Nov. 11, 1878; colonel, Sept. 27, 1879; 
Major-General, May 21, 1884. He served 
with the 2nd Battalion 60th Rifles through- 
out the campaign of 1860 in China (medal 
with two clasps); with the 1st Battalion 
on the Red River Expedition of 1870 ; 
accompanied Sir Garnet Wolseley to the 
Gold Coast in September 1873 ; and served 
as D.A. Adjutant and Quartermaster- 
General and Head of the Intelligence 
Department throughout the Ashantee War 
of 1873-74, including the action of Essa- 
man, battle of Amoaful, advanced guard 
engagement at Jarbinbah, battle of Orda- 
hai (slightly wounded), and capture of 
Coomassie (several times mentioned in 
despatches, brevet of Major, C.B., medal 
with clasp). He served in the Kaffir War 
of 1878-79, and commanded the Frontier 
Light Horse in the engagement of Taba 
ka Udoda, and in the operations at Moly- 
neux Path and against Manyanyoba's 
stronghold (several times mentioned in 
despatches) ; also throughout the Zulu 
War of 1879, and commanded the cavalry 
in the engagements at Zeobane Mountain 
and Kambula ; conducted the reconnais- 

sance before Ulundi, and was present in 
the engagement at Ulundi (several times 
mentioned in despatches, thanked in 
General Orders, brevet of Lieut. -Colonel, 
Aide-de-Camp to the Queen, Victoria Cross, 
C.M.G., medal with clasp). The %.€. was 
given "for his gallant conduct at the 
retreat at Inhloband, on March 28, 1879, 
in having assisted, while hotly pursued by 
Zulus, in rescuing Captain C. DArcy of 
the Frontier Light Horse, who was retir- 
ing on foot, Colonel Buller carrying him 
on his horse until he overtook the rear- 
guard ; also for having on the same day, 
and in the same circumstances, conveyed 
to a place of safety Lieutenant C. Everitt 
of the Frontier Light Horse, whose horse 
had been killed under him. Later on, 
Colonel Buller, in the same manner, saved 
a trooper of the Frontier Light Horse, 
whose horse was completely exhausted, 
and who otherwise would have been killed 
by the Zulus, who were within eighty 
yards of him." Colonel Buller served in 
the Boer War of 1881 as Chief of the Staff 
to Sir Evelyn Wood, with the local rank 
of Major-General ; in the Egyptian War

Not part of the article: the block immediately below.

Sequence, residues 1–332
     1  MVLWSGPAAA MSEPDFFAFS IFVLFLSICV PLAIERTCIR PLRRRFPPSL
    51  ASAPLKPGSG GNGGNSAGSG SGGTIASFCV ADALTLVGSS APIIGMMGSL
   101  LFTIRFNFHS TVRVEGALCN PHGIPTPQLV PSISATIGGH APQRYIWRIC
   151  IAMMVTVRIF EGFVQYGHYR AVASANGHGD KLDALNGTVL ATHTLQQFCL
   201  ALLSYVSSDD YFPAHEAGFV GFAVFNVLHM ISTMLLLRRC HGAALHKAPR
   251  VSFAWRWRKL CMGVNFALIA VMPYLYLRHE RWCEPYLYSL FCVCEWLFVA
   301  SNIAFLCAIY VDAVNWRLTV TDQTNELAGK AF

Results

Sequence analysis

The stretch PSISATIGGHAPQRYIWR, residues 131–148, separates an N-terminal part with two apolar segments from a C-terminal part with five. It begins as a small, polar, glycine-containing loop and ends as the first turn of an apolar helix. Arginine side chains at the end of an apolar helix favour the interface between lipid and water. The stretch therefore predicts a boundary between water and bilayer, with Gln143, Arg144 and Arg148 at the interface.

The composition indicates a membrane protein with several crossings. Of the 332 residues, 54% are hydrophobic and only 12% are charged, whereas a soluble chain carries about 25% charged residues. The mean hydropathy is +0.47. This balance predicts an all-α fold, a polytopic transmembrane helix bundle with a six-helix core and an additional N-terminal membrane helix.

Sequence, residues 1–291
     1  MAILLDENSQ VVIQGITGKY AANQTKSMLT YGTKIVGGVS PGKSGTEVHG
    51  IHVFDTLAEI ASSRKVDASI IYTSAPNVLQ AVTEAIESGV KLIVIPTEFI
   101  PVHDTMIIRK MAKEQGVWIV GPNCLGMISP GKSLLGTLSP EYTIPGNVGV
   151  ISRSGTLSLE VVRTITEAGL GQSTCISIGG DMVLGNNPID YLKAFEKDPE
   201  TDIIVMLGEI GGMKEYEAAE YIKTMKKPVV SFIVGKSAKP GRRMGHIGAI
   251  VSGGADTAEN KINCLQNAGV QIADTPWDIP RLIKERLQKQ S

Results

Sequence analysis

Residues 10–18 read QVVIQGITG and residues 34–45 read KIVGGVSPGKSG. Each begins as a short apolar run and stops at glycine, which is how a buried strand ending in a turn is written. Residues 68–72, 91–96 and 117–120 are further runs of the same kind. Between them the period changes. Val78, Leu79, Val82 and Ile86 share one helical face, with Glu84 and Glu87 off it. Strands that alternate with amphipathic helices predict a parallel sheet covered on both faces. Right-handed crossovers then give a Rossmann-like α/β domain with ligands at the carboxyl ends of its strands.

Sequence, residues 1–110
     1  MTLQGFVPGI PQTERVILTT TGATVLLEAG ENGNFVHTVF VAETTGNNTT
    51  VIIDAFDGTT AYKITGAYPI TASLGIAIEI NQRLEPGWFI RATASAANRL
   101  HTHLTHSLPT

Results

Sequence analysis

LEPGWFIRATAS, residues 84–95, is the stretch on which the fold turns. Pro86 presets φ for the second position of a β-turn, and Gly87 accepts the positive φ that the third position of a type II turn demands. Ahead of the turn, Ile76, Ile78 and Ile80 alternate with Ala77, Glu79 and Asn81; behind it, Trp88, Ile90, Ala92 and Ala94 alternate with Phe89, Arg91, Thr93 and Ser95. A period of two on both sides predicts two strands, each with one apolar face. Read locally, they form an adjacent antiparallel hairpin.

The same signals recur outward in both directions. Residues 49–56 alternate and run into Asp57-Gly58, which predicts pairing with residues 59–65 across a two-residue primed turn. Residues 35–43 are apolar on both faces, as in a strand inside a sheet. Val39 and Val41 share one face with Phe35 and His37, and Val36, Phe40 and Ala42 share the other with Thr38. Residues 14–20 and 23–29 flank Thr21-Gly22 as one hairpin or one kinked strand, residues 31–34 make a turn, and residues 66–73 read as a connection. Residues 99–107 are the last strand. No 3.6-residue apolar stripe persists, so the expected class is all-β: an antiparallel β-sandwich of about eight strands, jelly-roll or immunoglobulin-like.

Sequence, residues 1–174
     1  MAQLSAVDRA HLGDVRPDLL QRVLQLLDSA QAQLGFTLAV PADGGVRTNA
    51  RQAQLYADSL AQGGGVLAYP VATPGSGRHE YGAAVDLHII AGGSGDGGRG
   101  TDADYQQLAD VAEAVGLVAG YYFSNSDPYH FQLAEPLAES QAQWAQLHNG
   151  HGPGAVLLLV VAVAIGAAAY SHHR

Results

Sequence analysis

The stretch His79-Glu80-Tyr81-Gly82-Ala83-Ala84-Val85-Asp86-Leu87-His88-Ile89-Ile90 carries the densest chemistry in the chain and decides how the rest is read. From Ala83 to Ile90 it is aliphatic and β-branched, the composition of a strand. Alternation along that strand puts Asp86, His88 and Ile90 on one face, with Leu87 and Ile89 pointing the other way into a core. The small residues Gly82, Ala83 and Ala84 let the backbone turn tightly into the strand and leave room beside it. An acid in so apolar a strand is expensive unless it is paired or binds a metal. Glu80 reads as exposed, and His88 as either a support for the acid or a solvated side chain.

of 1882 in charge of the Intelligence De- 
partment, and was present in the action at 
Kassassin, September 9, and at the battle 
of Tel-el-Kebir (mentioned in despatches, 
K.C.M.G., medal with clasp, third class of 
the Osmanieh, and Khedive's Star) ; served 
in the Soudan Expedition under Sir Gerald 
Graham in 1884, in command of the 1st 
Infantry Brigade, and as second in com- 
mand of the expedition, and was present 
in the engagement at El Teb and Temai 
(twice mentioned in despatches, promoted 
to Major-General for distinguished service 
in the field, medal and two clasps) ; served 
in the Soudan campaign in 1884-85 as 
Chief of the Staff to Lord Wolseley. 
When Sir Herbert Stewart was wounded, 
and Colonel Burnaby had been killed, he 
took command of the Desert Column, and 
withdrew it from Gubat to Gakdul in the 
face of the enemy, defeating them at Abu 
Klea Wells on February 16 and 17 (men- 
tioned in despatches, K.C.B., medal and 
clasp). From 1887 to 1890 Sir Redvers 
Buller was Quartermaster-General of the 
Army, and in October of the latter year 
became Adjutant-General to the Forces in 
succession to Lord Wolseley. In April 
1891 he was promoted to the rank of 
Lieutenant-General. G.C.B. 1894. He is 
married to Audrey, daughter of the 4th 
Marquis Townshend, and widow of the 
Hon. G. T. Howard. Addresses: 29 Bruton 
Street ; Downes, Crediton ; and Athenseum. 

B TILLER, Sir Walter La-wry, 
K.C.M.G., F.R.S., the descendant of an 
ancient Cornish family and the oldest sur- 
viving son of the late Rev. James Buller, 



was born at Newark, in the Bay of Islands, 
New Zealand, on Oct. 9, 1838. He re- 
ceived his early education at Auckland 
College, and afterwards became a pupil of 
William Swainson, F.K.S. , the celebrated 
zoologist, who had settled in that colony. 
For a continuous period of fifteen years 
he held various official appointments, but 
chiefly in connection with native affairs, 
as he had early acquired a thorough know- 
ledge of the Maori language ; and on eight 
different occasions he received the special 
thanks of the Colonial Government. Dur- 
ing this time he also contributed largely 
to zoological literature, and was elected a 
Fellow of the Linnean and of various other 
learned societies. From 1855 to 1860 he 
acted as Government Interpreter and 
Native Commissioner. In 1861 he was 
appointed editor-in-chief of The Maori 
Messenger, an English and Maori journal 
published by authority. At the age of 
twenty-four he was appointed a Resident 
Magistrate, and three years later a Judge 
of the Native Land Court. In 1865 he 
served as a volunteer on Sir George Grey's 
staff at the taking of the Weraroa Pa, 
for which lie received the New Zealand 
War Medal. On that occasion, declining 
the protection of a military escort, he 
carried the Governor's despatches, at night, 
through forty miles of the enemy's coun- 
try, attended only by a Maori orderly, for 
which gallant service he was mentioned in 
despatches. In 1871 he visited England, 
and two years later published a splen- 
didly illustrated "History of the Birds of 
New Zealand." The Royal University of 
Tubingen bestowed upon him the honorary 
degree of Doctor of Science, and he re- 
ceived several other foreign distinctions. 
In 1874 he was called to the Bar at the 
Inner Temple. In 1875 Her Majesty, in 
recognition of the value of his scientific 
work, created him a C.M.G. ; and in 1876 
he was elected F.R.S. In 1882 he pub-